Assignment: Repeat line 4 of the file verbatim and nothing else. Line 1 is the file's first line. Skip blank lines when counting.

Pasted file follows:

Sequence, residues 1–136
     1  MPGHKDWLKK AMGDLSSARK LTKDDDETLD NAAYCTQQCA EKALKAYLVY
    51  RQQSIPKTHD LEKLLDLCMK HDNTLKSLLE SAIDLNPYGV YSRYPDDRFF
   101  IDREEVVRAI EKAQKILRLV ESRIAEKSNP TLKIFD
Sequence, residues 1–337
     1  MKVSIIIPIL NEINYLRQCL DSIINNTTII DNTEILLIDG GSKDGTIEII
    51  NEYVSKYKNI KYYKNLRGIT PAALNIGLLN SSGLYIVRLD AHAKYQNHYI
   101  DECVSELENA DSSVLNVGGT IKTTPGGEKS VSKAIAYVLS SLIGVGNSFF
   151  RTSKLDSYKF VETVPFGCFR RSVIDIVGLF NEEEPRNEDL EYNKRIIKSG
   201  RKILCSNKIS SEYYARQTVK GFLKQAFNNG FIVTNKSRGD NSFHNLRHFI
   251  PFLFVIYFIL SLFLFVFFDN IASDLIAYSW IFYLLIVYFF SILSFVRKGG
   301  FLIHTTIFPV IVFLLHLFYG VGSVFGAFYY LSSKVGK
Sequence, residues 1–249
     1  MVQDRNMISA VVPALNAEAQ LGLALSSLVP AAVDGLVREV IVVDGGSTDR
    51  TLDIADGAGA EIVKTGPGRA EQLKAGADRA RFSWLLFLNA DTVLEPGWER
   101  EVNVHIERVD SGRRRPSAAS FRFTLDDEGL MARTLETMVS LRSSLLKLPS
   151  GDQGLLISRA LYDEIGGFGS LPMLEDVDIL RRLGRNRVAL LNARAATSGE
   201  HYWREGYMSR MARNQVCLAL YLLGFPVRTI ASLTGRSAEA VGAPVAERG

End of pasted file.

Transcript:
   101  IDREEVVRAI EKAQKILRLV ESRIAEKSNP TLKIFD